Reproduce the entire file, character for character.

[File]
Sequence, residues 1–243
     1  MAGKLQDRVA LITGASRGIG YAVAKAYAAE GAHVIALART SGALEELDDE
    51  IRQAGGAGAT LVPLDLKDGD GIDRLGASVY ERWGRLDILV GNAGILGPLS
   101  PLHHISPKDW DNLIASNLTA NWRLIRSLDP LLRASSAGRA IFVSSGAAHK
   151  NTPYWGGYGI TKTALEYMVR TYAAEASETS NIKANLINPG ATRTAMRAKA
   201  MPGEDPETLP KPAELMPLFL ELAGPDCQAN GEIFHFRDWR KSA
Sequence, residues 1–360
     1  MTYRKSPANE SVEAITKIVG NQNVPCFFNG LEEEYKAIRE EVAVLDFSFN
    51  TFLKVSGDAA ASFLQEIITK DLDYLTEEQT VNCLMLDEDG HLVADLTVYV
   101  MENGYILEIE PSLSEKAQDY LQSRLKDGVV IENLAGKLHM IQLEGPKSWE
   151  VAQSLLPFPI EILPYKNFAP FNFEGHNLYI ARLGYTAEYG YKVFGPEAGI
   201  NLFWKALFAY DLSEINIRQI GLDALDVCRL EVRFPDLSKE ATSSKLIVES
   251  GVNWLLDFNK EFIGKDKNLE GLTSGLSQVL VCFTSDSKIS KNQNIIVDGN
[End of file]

Sequence, residues 1–243
     1  MAGKLQDRVA LITGASRGIG YAVAKAYAAE GAHVIALART SGALEELDDE
    51  IRQAGGAGAT LVPLDLKDGD GIDRLGASVY ERWGRLDILV GNAGILGPLS
   101  PLHHISPKDW DNLIASNLTA NWRLIRSLDP LLRASSAGRA IFVSSGAAHK
   151  NTPYWGGYGI TKTALEYMVR TYAAEASETS NIKANLINPG ATRTAMRAKA
   201  MPGEDPETLP KPAELMPLFL ELAGPDCQAN GEIFHFRDWR KSA
Sequence, residues 1–360
     1  MTYRKSPANE SVEAITKIVG NQNVPCFFNG LEEEYKAIRE EVAVLDFSFN
    51  TFLKVSGDAA ASFLQEIITK DLDYLTEEQT VNCLMLDEDG HLVADLTVYV
   101  MENGYILEIE PSLSEKAQDY LQSRLKDGVV IENLAGKLHM IQLEGPKSWE
   151  VAQSLLPFPI EILPYKNFAP FNFEGHNLYI ARLGYTAEYG YKVFGPEAGI
   201  NLFWKALFAY DLSEINIRQI GLDALDVCRL EVRFPDLSKE ATSSKLIVES
   251  GVNWLLDFNK EFIGKDKNLE GLTSGLSQVL VCFTSDSKIS KNQNIIVDGN